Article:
FAYETTE, N.Y. — With a replica of the small cabin where The Church of Jesus Christ of Latter-day Saints was organized in 1830 just a few yards from the Fayette Ward meetinghouse, the Mormon Tabernacle Choir convened for sacrament meeting Sunday, June 29.
The singers, members of an ensemble from the Orchestra at Temple Square and guests knew they were on hallowed ground. Still, few could have anticipated fully how electrifying the first few moments of the meeting would be, especially the singing of the opening hymn, "Joseph Smith's First Prayer," when some 600 voices — most of them extremely well trained — joined in hymn.
Just a little while earlier in the day, the 10-bus entourage stopped in Palmyra to visit the Sacred Grove, where the young Joseph Smith uttered the prayer that changed the course of history.
Even with several hundred people strolling its well-groomed paths, the grove was silent. No loud conversations interrupted the sweet, simple melodies of bird song. A few members of the group sat quietly on benches a few moments, contemplating or reading scriptural accounts of the First Vision.
By the time they arrived at the Fayette Ward chapel, spiritual emotions were already primed.
Elder Spencer J. Condie of the Seventy and North America Northeast Area presidency addressed the gathering. He spoke of the "power to the music" of the choir. He said that one might be a terrific tenor and another a good soprano and yet another a talented member of the orchestra, and then they sing with one voice, each decreasing his or her own role in order to increase the strength of the choir.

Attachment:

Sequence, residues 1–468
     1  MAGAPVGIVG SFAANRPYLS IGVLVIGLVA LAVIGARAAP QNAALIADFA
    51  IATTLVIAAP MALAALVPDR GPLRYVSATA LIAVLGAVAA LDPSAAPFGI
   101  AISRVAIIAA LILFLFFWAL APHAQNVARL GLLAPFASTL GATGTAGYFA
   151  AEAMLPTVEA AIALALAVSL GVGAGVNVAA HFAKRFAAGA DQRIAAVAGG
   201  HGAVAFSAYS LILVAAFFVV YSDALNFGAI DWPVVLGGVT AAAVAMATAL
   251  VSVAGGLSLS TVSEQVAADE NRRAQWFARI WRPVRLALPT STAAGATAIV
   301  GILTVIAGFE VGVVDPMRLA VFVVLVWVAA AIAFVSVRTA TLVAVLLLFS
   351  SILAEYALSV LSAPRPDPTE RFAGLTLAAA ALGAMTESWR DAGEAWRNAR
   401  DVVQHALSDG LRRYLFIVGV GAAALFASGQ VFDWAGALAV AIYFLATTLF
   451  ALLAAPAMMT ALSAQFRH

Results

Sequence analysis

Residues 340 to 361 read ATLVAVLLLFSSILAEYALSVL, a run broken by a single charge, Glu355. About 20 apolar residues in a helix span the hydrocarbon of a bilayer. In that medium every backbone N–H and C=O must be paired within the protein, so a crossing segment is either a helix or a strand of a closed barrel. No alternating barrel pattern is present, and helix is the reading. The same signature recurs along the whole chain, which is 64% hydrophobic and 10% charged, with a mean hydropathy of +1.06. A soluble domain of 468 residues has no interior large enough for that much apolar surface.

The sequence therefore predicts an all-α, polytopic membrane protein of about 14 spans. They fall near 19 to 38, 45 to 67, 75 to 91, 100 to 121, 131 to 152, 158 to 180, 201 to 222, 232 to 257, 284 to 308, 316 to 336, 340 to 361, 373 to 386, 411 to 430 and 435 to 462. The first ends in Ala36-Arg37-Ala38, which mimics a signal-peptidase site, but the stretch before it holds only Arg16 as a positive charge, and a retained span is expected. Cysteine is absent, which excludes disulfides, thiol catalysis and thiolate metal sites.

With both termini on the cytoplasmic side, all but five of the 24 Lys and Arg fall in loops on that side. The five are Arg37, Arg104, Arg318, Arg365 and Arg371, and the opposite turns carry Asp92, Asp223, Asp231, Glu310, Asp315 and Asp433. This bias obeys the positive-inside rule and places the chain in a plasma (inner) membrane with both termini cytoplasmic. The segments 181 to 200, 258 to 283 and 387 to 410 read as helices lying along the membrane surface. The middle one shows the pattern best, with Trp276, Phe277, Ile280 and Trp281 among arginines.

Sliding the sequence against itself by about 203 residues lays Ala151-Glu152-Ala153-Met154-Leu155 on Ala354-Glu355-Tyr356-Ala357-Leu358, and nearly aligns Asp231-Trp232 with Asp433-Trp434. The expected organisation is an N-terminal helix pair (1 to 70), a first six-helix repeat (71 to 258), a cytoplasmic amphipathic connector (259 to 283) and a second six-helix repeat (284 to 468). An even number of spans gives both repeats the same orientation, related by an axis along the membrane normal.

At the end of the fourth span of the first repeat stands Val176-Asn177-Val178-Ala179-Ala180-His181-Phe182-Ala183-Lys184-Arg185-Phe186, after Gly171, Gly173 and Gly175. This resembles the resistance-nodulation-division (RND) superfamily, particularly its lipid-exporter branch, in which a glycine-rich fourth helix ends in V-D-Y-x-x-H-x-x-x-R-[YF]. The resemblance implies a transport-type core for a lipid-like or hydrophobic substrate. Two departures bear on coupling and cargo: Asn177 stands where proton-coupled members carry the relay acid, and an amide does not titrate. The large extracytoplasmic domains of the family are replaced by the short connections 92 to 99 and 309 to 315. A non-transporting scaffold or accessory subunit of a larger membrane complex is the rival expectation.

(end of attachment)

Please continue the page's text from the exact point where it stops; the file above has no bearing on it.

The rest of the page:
He spoke of the nuances of authenticity possessed by the choir, their simple yet direct ways of bearing testimony through music.
He reminded choir members of the impact they have upon audiences as they sing Rimksy-Korsakoff's "Glory," and Moses Hogan's arrangement of "The Battle of Jericho." He quoted Alma 5:14, part of which asks, "Have you received his image in your countenances?"
"The image of Christ has been engraved in your countenances as we've listened," he told the choir and orchestra. "People have mentioned your countenance as much as your music."
The visit to Palmyra and Fayette complemented an earlier visit by the choir's group to the Kirtland Temple en route from Grand Rapids, Mich., to Buffalo, N.Y. The choir had little time in Kirtland, but that time was marked by magnificence. Divided into two groups, they took turns visiting restored or newly reconstructed sites and the Kirtland Temple.
Elder Condie addressed each group in the temple, speaking of the keys of restoration that occurred within the edifice.
Then something that will live forever in the memories of those present occurred: Members of the choir, orchestra and guests filled the temple with joyful sound as they sang "The Spirit of God," which was written for the dedication of the Kirtland Temple in 1836.
It was one of those moments people describe by saying, "There wasn't a dry eye in the room."
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